Sharing and Listening: The Pandemic, Isolation, and Suicide


Benjamin Bandosz

As governments lift COVID-19 restrictions only to re-implement them to flatten the curve of cases to ensure the health care system’s stability, we find ourselves, once again, isolated in uncertainty. Whether it is the fear of catching the virus, financial stress, wider economic precarity, or the pain of losing loved ones, the pandemic’s existential weight is also flattening our mental well-being. These anxieties, fears, and pains all existed well before the COVID-19 pandemic, but over the past two years they have become exacerbated and threaten to corner us in our isolation—we might feel there is no way out of this seemingly unending situation. It is this feeling of terrorizing entrapment that leads many to think about and consider suicide. As David Foster Wallace writes, “The person in whom [life’s] invisible agony reaches a certain unendurable level will kill herself the same way a trapped person will eventually jump from the window of a burning high-rise.”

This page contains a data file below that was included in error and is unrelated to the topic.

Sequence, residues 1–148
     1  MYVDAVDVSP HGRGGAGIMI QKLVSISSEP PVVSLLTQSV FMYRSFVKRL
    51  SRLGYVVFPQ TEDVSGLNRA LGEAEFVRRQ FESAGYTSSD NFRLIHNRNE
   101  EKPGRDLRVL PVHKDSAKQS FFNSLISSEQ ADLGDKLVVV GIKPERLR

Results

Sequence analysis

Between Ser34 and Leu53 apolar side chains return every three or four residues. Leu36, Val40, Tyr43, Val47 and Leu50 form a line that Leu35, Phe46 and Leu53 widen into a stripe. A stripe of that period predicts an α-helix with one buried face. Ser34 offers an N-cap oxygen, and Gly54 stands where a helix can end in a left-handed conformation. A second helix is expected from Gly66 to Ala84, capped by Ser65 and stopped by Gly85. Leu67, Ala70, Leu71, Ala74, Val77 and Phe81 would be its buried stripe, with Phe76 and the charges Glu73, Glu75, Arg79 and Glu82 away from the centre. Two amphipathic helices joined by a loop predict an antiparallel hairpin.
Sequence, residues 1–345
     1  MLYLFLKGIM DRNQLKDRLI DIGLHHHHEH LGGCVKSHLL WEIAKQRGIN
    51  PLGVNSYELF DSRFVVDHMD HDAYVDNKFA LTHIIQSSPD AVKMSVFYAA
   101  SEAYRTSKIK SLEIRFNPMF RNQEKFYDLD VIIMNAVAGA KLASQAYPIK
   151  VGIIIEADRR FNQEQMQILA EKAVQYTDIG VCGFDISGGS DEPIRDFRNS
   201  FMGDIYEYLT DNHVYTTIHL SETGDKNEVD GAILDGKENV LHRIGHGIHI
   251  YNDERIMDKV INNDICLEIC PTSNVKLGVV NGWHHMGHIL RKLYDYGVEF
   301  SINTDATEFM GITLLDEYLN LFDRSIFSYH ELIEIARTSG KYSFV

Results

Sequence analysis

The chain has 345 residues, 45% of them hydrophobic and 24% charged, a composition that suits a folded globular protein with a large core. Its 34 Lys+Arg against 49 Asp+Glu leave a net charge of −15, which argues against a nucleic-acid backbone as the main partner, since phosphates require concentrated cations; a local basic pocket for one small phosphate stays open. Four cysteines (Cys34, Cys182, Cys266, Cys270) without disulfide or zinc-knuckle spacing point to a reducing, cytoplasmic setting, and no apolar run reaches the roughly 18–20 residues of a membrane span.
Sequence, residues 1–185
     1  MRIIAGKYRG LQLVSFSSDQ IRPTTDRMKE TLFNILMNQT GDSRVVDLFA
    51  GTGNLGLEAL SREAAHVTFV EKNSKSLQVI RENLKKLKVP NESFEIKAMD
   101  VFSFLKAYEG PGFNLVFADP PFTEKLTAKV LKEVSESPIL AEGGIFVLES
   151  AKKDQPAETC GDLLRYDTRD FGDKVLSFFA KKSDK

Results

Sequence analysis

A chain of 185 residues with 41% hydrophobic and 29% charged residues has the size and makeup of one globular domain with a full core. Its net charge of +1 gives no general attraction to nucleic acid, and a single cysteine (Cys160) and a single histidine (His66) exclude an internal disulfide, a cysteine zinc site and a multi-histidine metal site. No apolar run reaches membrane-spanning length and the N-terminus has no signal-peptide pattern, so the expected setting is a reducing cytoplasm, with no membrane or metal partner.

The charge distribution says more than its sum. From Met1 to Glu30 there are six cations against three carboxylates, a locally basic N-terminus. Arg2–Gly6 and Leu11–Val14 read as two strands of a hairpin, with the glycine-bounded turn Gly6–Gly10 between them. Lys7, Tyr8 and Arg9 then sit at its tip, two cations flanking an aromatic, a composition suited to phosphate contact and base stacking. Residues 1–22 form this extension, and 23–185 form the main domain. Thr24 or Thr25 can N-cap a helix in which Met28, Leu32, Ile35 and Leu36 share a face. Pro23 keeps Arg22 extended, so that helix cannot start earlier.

During the pandemic, two people in my life died by suicide. It was the early days of the stay-at-home-orders and travel restrictions when my uncle could not travel for work. He was a migrant worker, who would travel to Germany to do physical labour for better wages. Though he was often quiet, he told me that he enjoyed visiting new places. It was hard work, he said, but after his shift, he looked forward to eating dinner with a view of the Elbe river from his shared house. Suddenly, he was not allowed to travel and could not work because of the pandemic. Immediate and extended family was willing to financially support him, but the stress of unemployment caused a relapse of addiction. Isolated at home without a job and trapped in a bottle, he began making comments about death and suicide, but the prevailing stigma dismissed them: “Oh, you’ve had too much, again”; “Don’t say such things, it’s a sin!”; “Stop threatening us.” These refrains went on for some time. Then, one night, when his daughter left him alone for a bit to check on the neighbours, he died. The cycle of socioeconomic pressures, relapses, and the ubiquitous unease surrounding conversations about suicide produce an unhealthy, even inescapable, predicament for those who struggle with suicidal ideation.